At some point in their childhood education, most Americans are told a story about how science functions. It is widespread belief in this story that convinces the general public to accept political appeals to “The Science” as justification for related policies.
The title of this story is “The Scientific Method” and it goes something like this: Scientists observe a phenomenon; then they hypothesize (a fancy word for “guess”) about its causes; then they conduct a controlled experiment on the hypothesis; if the experimental evidence does not plainly show the hypothesis to be false, it is retained and becomes something like a scientific theory and, eventually, after further successful experimental testing, a scientific fact; on the other hand, if the experimental evidence undermines the hypothesis, it is rejected, and scientists develop a new hypothesis, improved in light of the existing evidence, and the experimental process begins anew.
Through this trial-and-error procedure, the story goes, science eventually discovers reliable truths about the phenomenon in question.
It is a nice, simple, story. Unfortunately, it is a myth. What makes its naïve, if not dogmatic, acceptance among the general public all the more inexplicable is that its mythical nature has long been recognized by those who study science.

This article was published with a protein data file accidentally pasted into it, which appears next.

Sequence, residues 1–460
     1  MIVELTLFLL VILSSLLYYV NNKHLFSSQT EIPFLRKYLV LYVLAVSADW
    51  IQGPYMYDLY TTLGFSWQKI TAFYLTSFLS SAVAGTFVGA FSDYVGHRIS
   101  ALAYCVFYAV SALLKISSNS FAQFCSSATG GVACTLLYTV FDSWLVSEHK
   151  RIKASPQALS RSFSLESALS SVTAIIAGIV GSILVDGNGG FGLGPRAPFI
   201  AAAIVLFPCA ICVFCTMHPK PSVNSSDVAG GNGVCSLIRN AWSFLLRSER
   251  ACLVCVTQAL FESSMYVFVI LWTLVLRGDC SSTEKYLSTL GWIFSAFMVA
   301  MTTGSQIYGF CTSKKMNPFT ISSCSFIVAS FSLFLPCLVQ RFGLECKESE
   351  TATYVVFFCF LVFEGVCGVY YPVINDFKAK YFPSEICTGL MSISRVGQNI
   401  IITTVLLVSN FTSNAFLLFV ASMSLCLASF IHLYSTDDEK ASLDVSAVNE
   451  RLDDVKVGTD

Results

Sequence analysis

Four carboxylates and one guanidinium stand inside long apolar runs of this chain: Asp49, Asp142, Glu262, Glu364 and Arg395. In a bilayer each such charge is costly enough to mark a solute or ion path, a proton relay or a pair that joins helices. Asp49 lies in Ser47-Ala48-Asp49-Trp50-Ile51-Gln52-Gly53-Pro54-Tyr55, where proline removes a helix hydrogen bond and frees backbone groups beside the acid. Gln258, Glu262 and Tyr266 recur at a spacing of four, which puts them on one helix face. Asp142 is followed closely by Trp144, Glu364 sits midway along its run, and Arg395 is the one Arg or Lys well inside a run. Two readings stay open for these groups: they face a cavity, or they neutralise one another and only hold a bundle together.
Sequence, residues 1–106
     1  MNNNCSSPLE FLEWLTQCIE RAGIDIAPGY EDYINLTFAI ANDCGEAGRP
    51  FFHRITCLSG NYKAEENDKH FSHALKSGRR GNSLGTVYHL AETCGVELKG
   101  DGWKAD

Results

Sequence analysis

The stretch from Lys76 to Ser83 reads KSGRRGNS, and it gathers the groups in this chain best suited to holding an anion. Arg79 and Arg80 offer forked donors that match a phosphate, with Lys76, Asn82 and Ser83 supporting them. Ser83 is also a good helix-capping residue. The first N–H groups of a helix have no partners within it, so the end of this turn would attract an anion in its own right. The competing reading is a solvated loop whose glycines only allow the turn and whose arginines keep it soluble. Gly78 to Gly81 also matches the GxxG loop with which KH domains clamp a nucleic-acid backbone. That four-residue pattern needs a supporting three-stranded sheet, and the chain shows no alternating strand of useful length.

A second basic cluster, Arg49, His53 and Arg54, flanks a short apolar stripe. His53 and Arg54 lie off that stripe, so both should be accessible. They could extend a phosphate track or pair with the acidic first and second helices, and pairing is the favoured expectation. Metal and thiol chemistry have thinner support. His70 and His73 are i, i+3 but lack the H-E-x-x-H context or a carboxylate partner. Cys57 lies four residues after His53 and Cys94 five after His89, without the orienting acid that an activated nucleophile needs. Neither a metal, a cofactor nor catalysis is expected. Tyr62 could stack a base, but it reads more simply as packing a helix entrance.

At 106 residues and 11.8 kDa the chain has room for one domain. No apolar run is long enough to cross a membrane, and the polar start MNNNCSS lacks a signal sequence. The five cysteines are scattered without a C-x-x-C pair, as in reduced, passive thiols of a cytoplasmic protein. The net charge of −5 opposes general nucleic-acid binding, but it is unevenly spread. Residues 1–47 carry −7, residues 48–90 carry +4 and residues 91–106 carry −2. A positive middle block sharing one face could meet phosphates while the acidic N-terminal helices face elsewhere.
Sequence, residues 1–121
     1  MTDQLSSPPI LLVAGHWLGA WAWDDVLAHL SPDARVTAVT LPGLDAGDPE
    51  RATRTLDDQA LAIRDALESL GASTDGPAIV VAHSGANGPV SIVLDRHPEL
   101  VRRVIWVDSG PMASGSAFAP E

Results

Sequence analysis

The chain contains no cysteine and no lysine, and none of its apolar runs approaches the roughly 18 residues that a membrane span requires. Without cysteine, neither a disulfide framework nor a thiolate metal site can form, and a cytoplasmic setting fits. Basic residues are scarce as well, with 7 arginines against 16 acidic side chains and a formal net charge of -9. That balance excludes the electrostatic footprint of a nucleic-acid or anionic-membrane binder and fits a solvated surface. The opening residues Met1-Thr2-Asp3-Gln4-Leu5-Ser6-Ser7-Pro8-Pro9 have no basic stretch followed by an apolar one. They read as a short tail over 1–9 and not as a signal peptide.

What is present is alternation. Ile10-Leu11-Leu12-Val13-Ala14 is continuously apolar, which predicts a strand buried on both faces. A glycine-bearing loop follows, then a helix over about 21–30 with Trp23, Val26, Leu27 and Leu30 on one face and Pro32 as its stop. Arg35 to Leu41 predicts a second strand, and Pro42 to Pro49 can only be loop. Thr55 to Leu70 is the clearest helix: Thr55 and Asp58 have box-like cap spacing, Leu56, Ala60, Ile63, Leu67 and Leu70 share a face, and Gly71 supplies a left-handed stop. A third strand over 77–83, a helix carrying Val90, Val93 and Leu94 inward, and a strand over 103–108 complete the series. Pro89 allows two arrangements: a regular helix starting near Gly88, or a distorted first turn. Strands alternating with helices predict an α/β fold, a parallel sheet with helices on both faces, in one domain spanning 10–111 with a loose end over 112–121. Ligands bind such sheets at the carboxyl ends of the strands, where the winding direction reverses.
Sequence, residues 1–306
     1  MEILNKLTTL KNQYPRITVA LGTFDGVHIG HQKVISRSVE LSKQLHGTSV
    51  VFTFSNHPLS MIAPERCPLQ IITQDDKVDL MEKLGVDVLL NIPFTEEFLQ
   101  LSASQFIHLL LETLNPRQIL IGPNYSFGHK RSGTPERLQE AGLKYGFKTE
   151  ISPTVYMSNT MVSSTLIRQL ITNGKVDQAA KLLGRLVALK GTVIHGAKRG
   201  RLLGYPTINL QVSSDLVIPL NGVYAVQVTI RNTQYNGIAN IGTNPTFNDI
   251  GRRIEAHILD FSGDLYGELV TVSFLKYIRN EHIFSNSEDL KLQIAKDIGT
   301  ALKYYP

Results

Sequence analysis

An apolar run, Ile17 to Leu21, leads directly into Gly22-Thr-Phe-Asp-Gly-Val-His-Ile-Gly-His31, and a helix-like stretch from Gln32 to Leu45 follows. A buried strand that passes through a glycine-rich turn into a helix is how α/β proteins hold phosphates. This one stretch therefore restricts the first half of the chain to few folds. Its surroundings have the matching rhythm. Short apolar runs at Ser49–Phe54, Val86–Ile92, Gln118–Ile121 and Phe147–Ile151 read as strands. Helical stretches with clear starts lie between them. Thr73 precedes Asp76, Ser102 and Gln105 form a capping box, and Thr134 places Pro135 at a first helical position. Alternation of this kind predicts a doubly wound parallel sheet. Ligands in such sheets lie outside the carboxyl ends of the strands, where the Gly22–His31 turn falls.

Thanks to the work of W. V. O. Quine, Thomas Kuhn, and others, philosophers and sociologists of science have known since the middle of the last century that the simplistic “Scientific Method” is not – in fact, cannot – be the way that science functions.
Science is far more complex than that.
Kuhn showed that, as a historical matter, the trial-and-error method may operate to a degree during periods of “scientific revolution,” when scientists have become so dissatisfied with the prevailing scientific paradigm – perhaps, but not necessarily, as a consequence of accumulated experimental failures – that they begin searching for replacement paradigms.
However, the vast majority of scientists’ careers are spent conducting “normal science,” a process, not of trial and error, but of elucidating, broadening, and making more precise, the existing paradigm. In other words, when conducting normal science, scientists accept the prevailing paradigm as given and do anything but try to falsify it.
For his part, Quine (building on insights developed earlier in the century by the French physicist Pierre Duhem) showed that the logic of falsifying evidence is not what it seems at first glance. An experiment that produces seemingly disconfirming evidence does not dictate that the scientist rejects their hypothesis rather than some other assumption that figured in the experiment. A hypothesis can always be retained, in Quine’s inimitable words, “Come what may,” regardless of the evidence.
Later philosophers and sociologists of science have developed, corrected, and extended these insights, but that they make a myth of the simplistic story of “The Scientific Method” is unchallenged in the literature.